Treasures from the collection of the late banker Edmund Safra, who died in 1999 in mysterious circumstances with a rumored Russian connection, are being sold this week at Sotheby’s auction house in New York.
The sale of works from one of the greatest private collections of the 20th century features the most important selection of works by Russian court jeweler Carl FabergÎ to be offered at auction in the past 25 years, according to Sotheby’s experts.
The items, including clocks, picture frames, cigarette and fan cases, cane and parasol handles, candle sticks and other decorative objects from the collection of Safra and his wife Lily, are expected to fetch more than $6 million.
The death of 67-year-old Safra, whose fortune exceeded $2.5 billion and who was rated 199th on Forbe’s list of billionaires, is still surrounded by a thick cloud of speculation. The banker was found asphyxiated in a locked bathroom at his luxurious penthouse in Monaco on Dec. 3, 1999.
The results of an official investigation suggested the banker died as a result of the failed attempt of one of his male nurses to stage a fire in order to perform his boss’s rescue. But this explanation didn’t satisfy many and rumors persist as to the true nature of Safra’s death.
Some say the Jewish banker could have been murdered by Palestinian terrorists, who may have used the nurse, while others blame the Russian mafia.
The Italian newspaper La Stampa published a report claiming that shortly before his death the banker had been spotted at Cap d’Antibes with London-based Russian tycoon Boris Berezovsky, who is facing huge embezzlement and tax evasion charges in Moscow.
But an article in Vanity Fair Magazine contradicted this account. Sources close to Safra, who had Parkinson’s disease, denounced the allegations, suggesting the banker was too feeble and dependent on medication to possibly travel that far.
But the Russian connection has been mentioned in many publications.
An article in the French magazine Le Nouvel Observateur contains an interview with a Monaco attorney, who refused to be named, saying that “Safra denounced the Russian Mafia, and some of his clients who were concerned by that could have become afraid and used [the nurse]. It wouldn’t be the first time a poor soul was used in the service of a grand criminal scheme.”
None of these claims has been officially confirmed.
“One thing is certain: Edmund Safra, whose specialty was private banking for wealthy clients and who was said to know ‘all the secrets of the financial planet,’ had his enemies,” Dominick Dunne wrote in an article in Vanity Fair Magazine in December 2000.
In life, the banker cultivated a polished image among the world’s rich, but Safra was haunted by rumours, suspicion and speculation.
“He was accused of having laundered money for the Panamanian dictator Manuel Noriega, as well as for the Colombian drug cartels,” Dunne wrote. “And both his bank and his private jet were alleged to have been pressed into service to move money and personnel during the Iran-contra scandal. The rumors of Safra’s involvement were found to have been part of a smear campaign by American Express, and Safra ultimately won a public apology and an $8 million settlement, which he donated to charity.”
Sotheby’s expert Gerard Hill said he doesn’t expect the sale of Safra’s Russian treasures to be influenced by the mystery of his death, although interest is sure to be great.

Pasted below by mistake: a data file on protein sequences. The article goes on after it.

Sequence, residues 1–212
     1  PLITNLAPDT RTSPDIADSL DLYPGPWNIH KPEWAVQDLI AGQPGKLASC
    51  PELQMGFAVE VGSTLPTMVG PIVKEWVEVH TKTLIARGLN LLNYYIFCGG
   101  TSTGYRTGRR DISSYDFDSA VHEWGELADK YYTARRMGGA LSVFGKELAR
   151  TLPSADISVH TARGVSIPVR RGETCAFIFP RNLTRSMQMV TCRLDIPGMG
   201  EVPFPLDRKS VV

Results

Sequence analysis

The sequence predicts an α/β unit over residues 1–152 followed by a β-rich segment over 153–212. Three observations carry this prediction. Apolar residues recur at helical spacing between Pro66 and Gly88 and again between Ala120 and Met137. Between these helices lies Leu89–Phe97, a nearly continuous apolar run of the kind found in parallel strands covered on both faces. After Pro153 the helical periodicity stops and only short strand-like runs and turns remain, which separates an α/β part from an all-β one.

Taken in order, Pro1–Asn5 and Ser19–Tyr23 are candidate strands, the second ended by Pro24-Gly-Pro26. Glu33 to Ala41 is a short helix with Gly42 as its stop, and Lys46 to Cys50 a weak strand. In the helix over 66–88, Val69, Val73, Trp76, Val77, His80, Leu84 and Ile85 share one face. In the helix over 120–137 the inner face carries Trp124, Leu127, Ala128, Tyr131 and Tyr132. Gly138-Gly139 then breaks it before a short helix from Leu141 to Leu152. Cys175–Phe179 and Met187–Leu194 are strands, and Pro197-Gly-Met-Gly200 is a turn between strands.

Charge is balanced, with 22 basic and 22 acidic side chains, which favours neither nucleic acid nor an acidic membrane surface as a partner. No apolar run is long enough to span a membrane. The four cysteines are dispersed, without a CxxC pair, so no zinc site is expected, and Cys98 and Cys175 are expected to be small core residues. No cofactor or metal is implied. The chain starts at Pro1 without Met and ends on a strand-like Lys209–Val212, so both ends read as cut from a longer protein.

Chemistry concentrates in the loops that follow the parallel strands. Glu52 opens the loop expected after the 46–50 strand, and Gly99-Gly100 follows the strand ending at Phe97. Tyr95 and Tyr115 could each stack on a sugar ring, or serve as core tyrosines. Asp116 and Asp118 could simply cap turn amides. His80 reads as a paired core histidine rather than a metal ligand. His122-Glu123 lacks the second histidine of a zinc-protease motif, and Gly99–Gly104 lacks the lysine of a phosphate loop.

“I haven’t heard the connection mentioned yet,” Hill said.
The auction features, among others, a rare FabergÎ Gold, Silver and Translucent Enamel Combination Desk Clock and Calendar made in Moscow in 1899-1908, a FabergÎ Gold, Enamel and Diamond-Set Parasol Handle (1899-1903), a FabergÎ Gilded Silver and Translucent Enamel Combination Clock and Miniature Frame (1899) and seven portrait miniatures of the children of Tsar Alexander II and Tsarina Maria Alexandrovna on sculptural stands from the late 19th century.
“Stunning works of art in polished and cut steel made by the Tula Arms Manufactory will also be offered, as will choice examples of Russian furniture, mirrors, miniatures and tableware,” Sotheby’s said. “The spectacular Russian treasures will be sold alongside magnificent French, Continental and English furniture, Decorative works of art, clocks, porcelain, paintings and carpets.”
It is not known why Safra’s widow Lily chose to sell the items at this time.
The two-day auction on Thursday and Friday was preceded by a five-day showing. Hill, director of Russian works of art for Sotheby’s, mentioned the FabergÎ Gold Gilded Silver and Translucent Enamel Table Cigarette Box, 1908-17, designed in the racing colors of Leopold de Rothschild, as an object of particular artistic significance.
“Enameled in deep blue and yellow stripes, which were the racing colors of Leopold Rothschild, the box has a simple yet elegant design and extremely sophisticated technique,” Hill said. “The ability to enamel such a large surface with these vibrant colours over an engraved ground is a technique requiring tremendous talent.”
Rothschild competed with the king of England in horse races. And there is another piece in the collection enam
eled in the racing colors of King Edward VII, Hill added.
Many of the items offered for sale have been off the market for decades.
“The Rothschild tale box was purchased by Mr. Safra in 1973, and hasn’t been seen since that time,” Hill said. “And there are many other things in the collection in the similar category that were bought many years ago.”
News source: times.spb.ru
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Culture news archive for 07 November' 2005.
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